October 19, 2004
Washington, DC: The independent presidential campaign of Ralph Nader and Peter Miguel Camejo is urging managers of Sinclair Broadcasting Group stations to defy the orders of CEO David Smith to broadcast a so-called “news commentary” on John Kerry just days before the election. A team of Nader/Camejo Corporate Crimebusters will deliver letters to this effect to 16 local station managers in 12 states on Wed., October 20th.
Smith’s demand that local broadcasters pre-empt regular primetime programming with what is essentially ideology masquerading as information is a crass attempt to exploit control of the public airwaves to promote a private political agenda, and is a flagrant example of how our democracy is being swamped by the confluence of money, politics and concentrated media.
Sinclair Broadcasting Group has taken advantage of increasingly relaxed FCC regulations under the Bush administration to expand its media empire, and is now owner of the single largest group of television stations in the country, reaching an estimated 24 per cent of U.S. households. Sinclair executives have paid for this privilege with $65,000 in political contributions to Republican candidates since the beginning of 2004, and a total of $300,000 over the past decade, according to FEC filings.
The company’s overt involvement in partisan politics is not new. Back in September 2001, Sinclair required affiliates to broadcast messages conveying their full support for the Bush administration. In July 2003, it refused to let stations air a DNC ad countering Bush’s State of the Union contention that Saddam Hussein tried to buy uranium from Niger. It aired purportedly legitimate news stories that it was later revealed were actually written, produced, and paid for by the Bush administration. Last April, Sinclair ordered its ABC affiliates not to air Nightline’s tribute to U.S soldiers killed in Iraq lest it quell public enthusiasm for the protracted occupation of that country.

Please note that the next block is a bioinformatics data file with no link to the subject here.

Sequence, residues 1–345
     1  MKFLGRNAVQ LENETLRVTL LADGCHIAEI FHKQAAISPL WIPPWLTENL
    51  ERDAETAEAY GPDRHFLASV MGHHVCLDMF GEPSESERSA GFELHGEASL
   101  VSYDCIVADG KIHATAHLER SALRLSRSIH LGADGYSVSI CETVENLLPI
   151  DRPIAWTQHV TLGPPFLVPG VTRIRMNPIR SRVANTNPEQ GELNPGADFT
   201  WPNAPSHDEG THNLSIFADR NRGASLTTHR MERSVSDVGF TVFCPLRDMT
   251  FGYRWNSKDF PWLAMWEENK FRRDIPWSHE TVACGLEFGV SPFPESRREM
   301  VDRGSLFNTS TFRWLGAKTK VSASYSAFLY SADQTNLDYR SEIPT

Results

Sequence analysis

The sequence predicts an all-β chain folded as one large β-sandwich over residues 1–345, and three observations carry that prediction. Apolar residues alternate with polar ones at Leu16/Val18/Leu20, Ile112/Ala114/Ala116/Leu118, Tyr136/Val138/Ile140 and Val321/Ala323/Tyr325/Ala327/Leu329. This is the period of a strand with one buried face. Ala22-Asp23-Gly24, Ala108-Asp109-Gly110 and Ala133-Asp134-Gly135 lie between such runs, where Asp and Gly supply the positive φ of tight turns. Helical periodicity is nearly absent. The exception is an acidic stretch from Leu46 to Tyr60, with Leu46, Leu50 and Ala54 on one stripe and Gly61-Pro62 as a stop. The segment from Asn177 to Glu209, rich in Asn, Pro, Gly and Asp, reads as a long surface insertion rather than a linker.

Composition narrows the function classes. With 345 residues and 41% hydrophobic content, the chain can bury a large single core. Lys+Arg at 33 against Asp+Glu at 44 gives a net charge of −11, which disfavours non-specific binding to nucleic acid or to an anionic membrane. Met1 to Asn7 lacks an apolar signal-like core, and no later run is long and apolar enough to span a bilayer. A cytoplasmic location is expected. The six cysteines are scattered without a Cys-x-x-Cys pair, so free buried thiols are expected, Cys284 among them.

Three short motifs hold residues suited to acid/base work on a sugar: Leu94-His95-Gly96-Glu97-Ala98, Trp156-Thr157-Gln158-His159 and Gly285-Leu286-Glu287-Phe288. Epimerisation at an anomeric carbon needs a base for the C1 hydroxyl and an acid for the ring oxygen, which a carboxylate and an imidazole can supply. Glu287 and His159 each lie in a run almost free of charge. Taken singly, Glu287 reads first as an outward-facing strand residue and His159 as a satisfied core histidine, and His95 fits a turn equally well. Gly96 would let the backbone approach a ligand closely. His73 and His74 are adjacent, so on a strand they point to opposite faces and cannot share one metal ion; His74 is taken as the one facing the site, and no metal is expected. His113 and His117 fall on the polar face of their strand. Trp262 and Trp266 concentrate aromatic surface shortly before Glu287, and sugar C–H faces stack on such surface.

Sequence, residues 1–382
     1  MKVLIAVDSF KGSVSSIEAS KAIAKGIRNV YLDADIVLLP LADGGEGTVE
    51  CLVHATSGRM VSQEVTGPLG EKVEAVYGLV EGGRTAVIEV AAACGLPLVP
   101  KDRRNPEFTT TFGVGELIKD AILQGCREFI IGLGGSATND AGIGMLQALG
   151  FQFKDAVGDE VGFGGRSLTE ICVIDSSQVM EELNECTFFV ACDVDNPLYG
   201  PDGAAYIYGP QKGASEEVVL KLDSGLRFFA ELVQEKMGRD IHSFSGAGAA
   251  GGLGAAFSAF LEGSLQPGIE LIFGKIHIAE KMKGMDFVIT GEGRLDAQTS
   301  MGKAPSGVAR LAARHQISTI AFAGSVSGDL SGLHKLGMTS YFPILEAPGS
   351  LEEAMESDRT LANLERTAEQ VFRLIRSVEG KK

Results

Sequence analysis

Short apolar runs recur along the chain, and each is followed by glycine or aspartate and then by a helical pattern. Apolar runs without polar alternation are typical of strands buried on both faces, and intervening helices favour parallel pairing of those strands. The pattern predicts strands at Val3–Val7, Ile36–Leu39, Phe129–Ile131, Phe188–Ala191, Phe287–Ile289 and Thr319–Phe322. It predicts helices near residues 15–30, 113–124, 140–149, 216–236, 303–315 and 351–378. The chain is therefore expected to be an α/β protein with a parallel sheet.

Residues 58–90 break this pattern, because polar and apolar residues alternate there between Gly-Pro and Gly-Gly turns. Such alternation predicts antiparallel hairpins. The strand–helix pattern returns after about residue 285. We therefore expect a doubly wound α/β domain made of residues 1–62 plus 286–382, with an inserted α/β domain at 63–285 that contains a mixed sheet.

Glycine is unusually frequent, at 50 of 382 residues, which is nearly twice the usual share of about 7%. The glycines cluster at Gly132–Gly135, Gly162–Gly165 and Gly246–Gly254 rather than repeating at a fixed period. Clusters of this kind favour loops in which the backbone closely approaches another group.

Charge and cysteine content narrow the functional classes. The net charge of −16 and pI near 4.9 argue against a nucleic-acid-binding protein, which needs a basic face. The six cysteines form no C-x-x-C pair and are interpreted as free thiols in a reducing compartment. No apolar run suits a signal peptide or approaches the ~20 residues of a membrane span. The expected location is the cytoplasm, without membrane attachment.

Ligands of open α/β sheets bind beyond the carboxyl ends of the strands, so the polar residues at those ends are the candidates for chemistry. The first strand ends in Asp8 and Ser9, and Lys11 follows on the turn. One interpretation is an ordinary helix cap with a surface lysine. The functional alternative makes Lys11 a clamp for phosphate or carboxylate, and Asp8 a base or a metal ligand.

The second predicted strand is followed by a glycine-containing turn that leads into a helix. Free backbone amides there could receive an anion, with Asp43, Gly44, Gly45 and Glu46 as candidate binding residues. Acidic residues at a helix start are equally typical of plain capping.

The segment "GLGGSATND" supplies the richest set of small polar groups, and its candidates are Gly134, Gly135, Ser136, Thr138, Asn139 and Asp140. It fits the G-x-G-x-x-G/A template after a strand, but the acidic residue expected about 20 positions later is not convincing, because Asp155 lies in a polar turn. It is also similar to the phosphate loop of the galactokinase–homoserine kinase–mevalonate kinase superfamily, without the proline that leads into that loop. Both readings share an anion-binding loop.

Sinclair’s attack on the democratic process, which relies on an informed electorate, is the most egregious example to date of the pressing need to reclaim our democracy from the accelerating grip of big-money politics and concentrated corporate media. This requires real campaign finance reform, which means public financing of public elections; some free access to ballot qualified candidates on television and radio; vigorous antitrust regulation and enforcement; ending broadcasters' free licensed use of the public airwaves; and the reversion of some organized time on our publicly owned airwaves to establish audience-controlled radio and TV networks to ensure the diversity of voices and solutions necessary for a really free press and a true civic democracy.
A team of Corporate Crimebusters will deliver letters to station managers at the following locations on October 20th:
Corporate Crimebusters is a Nader for President Campaign initiative that brings electoral politics back to the grassroots. Its 20 teams are spread out across 38 states to shine a spotlight on local issues and reach the silenced majority—those 50% of the electorate who do not bother to vote because they have been effectively disenfranchised by a duopolistic party system in the thrall of big corporate interests. It is time for people to take their government back from the big money controllers who call the shots for both major parties.